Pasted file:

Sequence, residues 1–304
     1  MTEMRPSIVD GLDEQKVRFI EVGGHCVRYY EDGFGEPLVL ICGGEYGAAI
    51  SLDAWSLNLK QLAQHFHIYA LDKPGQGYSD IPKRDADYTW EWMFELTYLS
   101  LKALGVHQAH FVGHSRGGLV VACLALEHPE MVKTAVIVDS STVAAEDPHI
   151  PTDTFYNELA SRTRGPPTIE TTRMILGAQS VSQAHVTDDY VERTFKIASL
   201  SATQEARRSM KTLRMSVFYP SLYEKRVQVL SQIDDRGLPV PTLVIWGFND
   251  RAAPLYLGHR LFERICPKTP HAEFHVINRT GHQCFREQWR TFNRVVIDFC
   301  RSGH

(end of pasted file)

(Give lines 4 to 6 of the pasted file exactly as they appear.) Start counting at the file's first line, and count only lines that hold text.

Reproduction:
   101  LKALGVHQAH FVGHSRGGLV VACLALEHPE MVKTAVIVDS STVAAEDPHI
   151  PTDTFYNELA SRTRGPPTIE TTRMILGAQS VSQAHVTDDY VERTFKIASL
   201  SATQEARRSM KTLRMSVFYP SLYEKRVQVL SQIDDRGLPV PTLVIWGFND